Preparing for College

Early Decision: The Stacked Deck

I've always maintained that colleges hold most of the cards in the admissions poker game. If you're a high school senior applying to a so-called "elite," "top-tier," or plain old "prestigious" school, then be prepared to enter a Wal-Mart Super Center-sized seller's market. You badly want what these colleges are selling, and they know it. Thus, they have interesting ways to persuade you to commit to enrolling. That is, if you're good enough.

The National Association for College Admission Counseling (NACAC) has released a report documenting one of the most common of these enrollment "incentives": Early Decision (ED). For those of you who don't know what ED is (no, I'm not talking about the reason we see so many Viagra and Cialis ads on TV and in our email inboxes), I'll explain. Early Decision is a college application option whereby high school seniors complete their application process and submit all the appropriate paperwork by early-to-mid-November. Then, an admission decision is delivered in December, before Christmas, but usually earlier in that month. If the decision is "accepted," then the applicant is committed to enroll (they have signed a document stating that they will enroll if accepted). There are other possible outcomes: Deferred (a final decision on acceptance will be issued in the spring) or Denied ("sorry, you're history here"). For those deferred, there's yet another possible outcome in the spring: the wait list ("maybe we'll let you in, but, then again, maybe not"). Wait lists are collegiate purgatory, but that's a topic for another post.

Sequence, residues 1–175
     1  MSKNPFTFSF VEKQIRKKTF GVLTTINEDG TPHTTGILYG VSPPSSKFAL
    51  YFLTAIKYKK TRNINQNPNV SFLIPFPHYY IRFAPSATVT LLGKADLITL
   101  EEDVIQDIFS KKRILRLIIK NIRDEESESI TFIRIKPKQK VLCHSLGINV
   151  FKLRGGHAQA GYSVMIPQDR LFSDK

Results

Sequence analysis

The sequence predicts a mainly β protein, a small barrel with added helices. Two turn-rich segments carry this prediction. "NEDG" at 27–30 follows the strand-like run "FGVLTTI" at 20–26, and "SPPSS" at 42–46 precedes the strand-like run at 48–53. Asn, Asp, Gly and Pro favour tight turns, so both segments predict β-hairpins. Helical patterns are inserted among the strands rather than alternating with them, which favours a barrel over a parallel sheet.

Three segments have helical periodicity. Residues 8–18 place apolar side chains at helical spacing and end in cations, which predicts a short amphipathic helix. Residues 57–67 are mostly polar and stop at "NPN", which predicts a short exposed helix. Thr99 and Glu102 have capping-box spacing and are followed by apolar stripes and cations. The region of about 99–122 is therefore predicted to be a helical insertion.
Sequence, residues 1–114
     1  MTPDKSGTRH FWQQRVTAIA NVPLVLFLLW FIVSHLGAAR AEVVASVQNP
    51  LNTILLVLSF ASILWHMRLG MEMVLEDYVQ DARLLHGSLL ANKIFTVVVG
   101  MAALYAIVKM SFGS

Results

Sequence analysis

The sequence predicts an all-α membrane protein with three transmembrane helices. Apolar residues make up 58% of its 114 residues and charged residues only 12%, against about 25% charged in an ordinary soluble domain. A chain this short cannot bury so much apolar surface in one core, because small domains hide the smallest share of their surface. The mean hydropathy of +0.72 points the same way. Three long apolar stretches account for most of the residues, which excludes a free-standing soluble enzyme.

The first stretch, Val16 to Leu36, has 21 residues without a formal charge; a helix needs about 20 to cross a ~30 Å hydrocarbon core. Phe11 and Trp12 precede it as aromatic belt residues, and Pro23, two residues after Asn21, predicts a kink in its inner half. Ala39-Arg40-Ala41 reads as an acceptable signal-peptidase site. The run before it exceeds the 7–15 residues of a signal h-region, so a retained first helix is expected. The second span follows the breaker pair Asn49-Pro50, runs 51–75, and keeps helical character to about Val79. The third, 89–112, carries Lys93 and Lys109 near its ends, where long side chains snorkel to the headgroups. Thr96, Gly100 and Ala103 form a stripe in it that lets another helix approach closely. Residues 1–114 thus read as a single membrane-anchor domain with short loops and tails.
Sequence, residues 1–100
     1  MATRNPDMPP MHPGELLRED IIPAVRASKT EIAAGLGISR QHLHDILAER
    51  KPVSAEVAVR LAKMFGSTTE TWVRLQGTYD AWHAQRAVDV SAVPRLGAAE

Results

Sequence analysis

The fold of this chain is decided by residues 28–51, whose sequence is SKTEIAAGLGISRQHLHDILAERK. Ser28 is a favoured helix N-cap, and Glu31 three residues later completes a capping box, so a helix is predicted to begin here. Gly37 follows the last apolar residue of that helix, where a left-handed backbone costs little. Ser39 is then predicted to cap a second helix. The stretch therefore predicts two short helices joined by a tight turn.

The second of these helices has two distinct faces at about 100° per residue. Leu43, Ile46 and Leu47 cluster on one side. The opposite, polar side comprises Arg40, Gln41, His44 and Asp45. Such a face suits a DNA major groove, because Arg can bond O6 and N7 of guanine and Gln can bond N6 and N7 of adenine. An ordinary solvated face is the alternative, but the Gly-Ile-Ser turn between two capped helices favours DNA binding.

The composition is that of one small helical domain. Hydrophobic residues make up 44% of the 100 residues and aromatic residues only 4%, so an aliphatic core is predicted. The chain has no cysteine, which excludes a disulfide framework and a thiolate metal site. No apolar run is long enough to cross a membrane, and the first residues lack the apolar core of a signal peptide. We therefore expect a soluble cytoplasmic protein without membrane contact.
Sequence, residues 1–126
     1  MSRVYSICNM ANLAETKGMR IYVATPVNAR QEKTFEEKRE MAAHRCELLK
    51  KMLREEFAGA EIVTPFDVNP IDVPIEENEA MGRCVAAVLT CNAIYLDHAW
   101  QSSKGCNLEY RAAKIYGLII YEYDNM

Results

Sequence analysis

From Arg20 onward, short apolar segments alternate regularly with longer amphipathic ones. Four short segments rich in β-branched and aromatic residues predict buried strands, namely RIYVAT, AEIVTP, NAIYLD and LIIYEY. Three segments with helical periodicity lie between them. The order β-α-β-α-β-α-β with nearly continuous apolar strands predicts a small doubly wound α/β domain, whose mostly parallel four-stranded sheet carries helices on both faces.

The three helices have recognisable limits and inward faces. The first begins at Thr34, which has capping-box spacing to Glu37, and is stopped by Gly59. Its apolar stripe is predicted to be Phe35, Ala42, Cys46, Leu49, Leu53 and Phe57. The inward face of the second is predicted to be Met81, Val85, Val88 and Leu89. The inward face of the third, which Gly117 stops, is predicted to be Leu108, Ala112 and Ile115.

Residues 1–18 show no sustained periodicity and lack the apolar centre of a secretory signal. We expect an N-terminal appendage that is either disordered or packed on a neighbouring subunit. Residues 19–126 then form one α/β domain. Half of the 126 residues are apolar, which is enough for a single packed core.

There's also a non-binding version of ED: Early Action. Same basic deal, but there's no signed commitment to enroll. ED, though, is what we're talking about here. Let's have a look at what NACAC is talking about, thanks to the staff of

The National Association for College Admission Counseling released its 2010 State of College Admission report, which revealed some interesting new trends in student and college behavior during the 2009 admissions cycle. One change may be particularly helpful for some of the most competitive students: more colleges are accepting a greater number of early decision applicants.